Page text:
Low back pain and adrenal glands

Muscles that stabilize the low back are related to adrenal glands

I recently had a patient come in to the office who had been having chronic low back and leg pain. It was the third treatment over a few months. On the last visit I recommended that he take Standard Process Drenamin to supplement some adrenal material and nutrients that are needed for the adrenal gland’s chemical pathway.

Low back pain related to adrenal glands

Low back pain can be related to the adrenal glands through muscles

There are five muscles related to the adrenal glands in your body. Sartorius, Gracilis, Gastrocnemius, soleus and posterior tibialis (To see more about how muscles are related to the body click here). These muscles are located around the pelvis, leg and foot. If they are not turning on and off properly when you  walk, bend or run your low back, knee and foot will not be stable. This can set you up for an injury or cause a pre-existing injury to not heal quickly and properly.

We are not talking about muscle strength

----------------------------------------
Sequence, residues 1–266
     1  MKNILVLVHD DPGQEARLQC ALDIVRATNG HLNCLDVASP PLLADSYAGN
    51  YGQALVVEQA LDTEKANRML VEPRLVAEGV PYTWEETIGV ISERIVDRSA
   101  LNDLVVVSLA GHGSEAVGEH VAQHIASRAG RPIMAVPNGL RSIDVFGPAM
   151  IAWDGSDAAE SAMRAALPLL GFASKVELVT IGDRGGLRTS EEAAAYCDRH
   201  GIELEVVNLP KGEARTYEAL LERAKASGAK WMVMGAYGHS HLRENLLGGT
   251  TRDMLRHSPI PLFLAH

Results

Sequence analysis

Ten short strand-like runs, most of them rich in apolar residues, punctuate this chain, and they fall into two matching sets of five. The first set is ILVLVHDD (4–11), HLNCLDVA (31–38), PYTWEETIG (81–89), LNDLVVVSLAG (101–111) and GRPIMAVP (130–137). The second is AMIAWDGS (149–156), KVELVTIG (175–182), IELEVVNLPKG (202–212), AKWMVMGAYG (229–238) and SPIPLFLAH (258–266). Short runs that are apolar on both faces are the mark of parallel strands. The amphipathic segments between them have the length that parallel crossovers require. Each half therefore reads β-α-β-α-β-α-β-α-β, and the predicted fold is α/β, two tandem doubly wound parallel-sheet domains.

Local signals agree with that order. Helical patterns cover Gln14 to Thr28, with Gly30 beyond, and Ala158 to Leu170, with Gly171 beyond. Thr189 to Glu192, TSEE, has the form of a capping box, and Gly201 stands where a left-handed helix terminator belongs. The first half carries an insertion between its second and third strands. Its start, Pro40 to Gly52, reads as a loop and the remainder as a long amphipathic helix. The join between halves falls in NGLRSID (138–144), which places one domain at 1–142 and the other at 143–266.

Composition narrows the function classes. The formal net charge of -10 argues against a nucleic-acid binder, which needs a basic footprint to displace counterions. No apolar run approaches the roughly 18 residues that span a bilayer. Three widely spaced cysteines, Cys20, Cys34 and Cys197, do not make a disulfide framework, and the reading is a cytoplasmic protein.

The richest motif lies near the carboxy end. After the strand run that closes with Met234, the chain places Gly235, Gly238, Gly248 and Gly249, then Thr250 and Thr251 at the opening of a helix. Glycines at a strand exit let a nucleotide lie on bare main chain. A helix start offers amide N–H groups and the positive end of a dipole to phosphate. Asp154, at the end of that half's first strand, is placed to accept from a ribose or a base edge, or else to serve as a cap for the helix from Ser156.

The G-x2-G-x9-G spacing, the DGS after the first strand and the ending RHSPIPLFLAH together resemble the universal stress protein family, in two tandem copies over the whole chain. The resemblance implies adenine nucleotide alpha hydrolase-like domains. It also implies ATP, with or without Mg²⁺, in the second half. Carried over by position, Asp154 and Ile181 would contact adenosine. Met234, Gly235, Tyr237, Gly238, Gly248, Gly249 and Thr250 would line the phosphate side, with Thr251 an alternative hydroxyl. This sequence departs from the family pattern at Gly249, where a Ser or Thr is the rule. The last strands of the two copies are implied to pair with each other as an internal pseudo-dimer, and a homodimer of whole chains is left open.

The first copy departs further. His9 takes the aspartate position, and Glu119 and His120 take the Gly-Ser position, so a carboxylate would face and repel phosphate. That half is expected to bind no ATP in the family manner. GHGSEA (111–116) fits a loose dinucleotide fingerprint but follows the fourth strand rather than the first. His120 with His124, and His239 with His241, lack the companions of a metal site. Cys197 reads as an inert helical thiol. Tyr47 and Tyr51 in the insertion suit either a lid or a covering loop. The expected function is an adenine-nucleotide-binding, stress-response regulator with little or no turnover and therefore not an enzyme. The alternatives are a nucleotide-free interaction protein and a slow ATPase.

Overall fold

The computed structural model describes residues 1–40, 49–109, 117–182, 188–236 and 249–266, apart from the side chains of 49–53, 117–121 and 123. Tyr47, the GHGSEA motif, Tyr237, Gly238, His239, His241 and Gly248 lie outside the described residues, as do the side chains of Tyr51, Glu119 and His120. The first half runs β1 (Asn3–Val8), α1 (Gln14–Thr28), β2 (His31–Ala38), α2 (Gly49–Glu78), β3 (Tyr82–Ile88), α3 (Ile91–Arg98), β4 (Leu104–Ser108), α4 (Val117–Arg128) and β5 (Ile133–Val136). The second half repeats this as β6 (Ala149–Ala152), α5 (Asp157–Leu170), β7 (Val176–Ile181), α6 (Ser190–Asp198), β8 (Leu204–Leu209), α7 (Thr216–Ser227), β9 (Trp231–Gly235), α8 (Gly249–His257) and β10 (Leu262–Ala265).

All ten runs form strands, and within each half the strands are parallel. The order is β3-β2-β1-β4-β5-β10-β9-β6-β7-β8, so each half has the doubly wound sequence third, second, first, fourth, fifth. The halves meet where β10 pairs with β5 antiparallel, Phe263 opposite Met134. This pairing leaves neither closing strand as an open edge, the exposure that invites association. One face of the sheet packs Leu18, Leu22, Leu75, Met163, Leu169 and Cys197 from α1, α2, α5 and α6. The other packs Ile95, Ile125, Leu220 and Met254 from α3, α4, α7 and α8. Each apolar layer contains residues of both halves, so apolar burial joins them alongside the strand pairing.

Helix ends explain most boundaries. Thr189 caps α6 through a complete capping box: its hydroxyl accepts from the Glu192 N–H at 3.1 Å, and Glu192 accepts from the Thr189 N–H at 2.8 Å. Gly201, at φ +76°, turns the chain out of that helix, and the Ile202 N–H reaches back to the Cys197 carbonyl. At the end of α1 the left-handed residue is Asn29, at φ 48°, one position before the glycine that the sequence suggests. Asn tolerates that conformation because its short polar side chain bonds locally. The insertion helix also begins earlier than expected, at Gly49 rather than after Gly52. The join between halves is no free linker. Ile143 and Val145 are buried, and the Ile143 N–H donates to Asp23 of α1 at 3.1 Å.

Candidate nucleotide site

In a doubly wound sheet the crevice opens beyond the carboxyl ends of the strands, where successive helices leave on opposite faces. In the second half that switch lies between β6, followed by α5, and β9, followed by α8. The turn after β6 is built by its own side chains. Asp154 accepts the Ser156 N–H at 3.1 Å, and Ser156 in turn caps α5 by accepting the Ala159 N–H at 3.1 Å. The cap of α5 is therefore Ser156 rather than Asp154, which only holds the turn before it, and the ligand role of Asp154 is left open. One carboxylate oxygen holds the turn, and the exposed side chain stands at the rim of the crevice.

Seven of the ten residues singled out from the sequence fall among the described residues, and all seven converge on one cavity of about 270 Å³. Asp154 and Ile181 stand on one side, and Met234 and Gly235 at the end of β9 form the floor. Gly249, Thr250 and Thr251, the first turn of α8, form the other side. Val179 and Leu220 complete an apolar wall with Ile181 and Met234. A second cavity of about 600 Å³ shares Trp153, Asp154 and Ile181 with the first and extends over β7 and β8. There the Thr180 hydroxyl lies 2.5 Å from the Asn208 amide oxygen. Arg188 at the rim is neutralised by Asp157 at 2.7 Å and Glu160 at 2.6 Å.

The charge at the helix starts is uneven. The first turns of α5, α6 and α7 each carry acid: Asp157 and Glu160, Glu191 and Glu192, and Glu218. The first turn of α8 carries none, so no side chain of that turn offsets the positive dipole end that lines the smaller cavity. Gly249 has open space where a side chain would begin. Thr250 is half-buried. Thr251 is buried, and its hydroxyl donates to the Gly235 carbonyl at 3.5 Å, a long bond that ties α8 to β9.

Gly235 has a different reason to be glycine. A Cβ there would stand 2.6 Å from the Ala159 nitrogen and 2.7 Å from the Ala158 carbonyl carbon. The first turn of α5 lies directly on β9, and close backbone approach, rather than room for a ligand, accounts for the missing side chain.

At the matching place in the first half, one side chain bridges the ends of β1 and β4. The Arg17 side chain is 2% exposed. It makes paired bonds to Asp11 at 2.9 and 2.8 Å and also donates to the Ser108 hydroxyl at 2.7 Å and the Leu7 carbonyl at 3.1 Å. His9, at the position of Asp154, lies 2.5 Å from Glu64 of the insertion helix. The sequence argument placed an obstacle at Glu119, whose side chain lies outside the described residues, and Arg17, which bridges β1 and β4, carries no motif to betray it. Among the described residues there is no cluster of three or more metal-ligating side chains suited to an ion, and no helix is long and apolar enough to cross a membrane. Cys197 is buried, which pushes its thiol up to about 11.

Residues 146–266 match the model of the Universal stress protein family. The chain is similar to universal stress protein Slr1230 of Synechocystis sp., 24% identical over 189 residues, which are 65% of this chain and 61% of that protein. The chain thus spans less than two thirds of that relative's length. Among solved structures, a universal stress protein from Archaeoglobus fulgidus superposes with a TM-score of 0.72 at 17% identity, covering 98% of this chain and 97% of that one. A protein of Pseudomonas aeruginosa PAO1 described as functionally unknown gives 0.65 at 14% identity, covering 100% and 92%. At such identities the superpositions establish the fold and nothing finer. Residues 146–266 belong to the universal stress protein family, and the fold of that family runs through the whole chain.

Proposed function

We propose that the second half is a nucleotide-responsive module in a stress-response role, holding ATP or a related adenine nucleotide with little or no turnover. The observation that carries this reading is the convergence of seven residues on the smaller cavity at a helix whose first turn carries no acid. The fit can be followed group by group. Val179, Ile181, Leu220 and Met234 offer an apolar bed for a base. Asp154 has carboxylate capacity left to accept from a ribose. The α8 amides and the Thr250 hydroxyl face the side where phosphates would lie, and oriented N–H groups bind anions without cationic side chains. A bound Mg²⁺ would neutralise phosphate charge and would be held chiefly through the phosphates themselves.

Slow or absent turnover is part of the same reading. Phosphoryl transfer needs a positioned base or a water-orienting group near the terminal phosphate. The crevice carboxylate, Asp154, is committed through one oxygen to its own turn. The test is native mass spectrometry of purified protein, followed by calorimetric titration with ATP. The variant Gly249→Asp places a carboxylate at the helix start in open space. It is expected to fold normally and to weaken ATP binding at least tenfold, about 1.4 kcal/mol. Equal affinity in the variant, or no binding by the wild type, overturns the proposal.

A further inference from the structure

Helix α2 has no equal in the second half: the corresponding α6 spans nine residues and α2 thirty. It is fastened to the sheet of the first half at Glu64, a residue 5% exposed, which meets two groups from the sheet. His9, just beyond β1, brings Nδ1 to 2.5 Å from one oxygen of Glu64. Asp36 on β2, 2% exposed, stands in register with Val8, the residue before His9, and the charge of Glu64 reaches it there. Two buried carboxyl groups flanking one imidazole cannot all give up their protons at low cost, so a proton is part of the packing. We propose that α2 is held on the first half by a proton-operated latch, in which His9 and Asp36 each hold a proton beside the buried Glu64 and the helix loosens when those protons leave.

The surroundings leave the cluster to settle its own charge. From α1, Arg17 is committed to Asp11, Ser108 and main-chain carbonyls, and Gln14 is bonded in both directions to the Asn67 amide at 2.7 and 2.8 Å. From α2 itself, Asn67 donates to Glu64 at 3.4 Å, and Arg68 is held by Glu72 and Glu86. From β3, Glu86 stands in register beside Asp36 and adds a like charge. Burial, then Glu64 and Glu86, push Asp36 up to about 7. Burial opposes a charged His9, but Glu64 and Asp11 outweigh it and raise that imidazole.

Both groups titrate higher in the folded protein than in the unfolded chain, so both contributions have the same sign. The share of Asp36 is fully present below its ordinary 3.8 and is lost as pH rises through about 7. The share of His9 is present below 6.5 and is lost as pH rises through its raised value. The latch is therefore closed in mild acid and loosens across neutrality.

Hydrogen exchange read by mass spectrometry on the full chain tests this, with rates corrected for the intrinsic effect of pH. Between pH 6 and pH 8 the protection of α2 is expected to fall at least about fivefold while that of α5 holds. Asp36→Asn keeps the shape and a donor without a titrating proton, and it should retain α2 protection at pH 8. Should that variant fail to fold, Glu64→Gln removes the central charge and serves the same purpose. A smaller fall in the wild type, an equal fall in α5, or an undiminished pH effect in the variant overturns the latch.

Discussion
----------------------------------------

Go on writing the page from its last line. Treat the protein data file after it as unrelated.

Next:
Working out these muscle more at the gym or with your trainer may help but that does not solve the root of the problem. The switches that turn the muscles on and off are not working. When we move our brain turns our muscles on and off and orchestrates the process. There are many reasons why this process may not work right.

This patient had the adrenal related muscles weak when he came in for the first two visits. We worked to align his low back, knee and foot on the second visit as well as suggesting the Drenamin dietary supplement.

“My hip doesn’t pop out of place when I stretch anymore”

When he came in for the third visit he said that his hip didn’t “pop” when he stretched any more. Then I knew that his adrenal muscles were staying on. The sartorius and gracilis stayed on and helped his hip and back to stabilize, stay in place and heal.

Many people go to chiropractors, osteopaths and body workers to have chronic back pain worked on. If it is an issue with the muscle not turning on and off there will constantly be trigger points, tight, stiff muscles and pain.

The problem is not usually the muscle that is painful or tight

The problem is usually not the tight painful muscle either. It’s usually the one on the opposite side of the body or an opposing muscle that is weak (turned off). If there is a weak muscle the body will compensate and adapt else where with a tight one.  If the imbalance goes on for too long this adaptation becomes more and more stressed.

The muscles move the bones and stabilize the joints. If they don’t work properly you will not be living easily.

To be treated by an applied kinesiologist click here for Dr. Robert Ciprian or go to www.icak.com for the International College of Applied Kinesiology to find doctors world wide.

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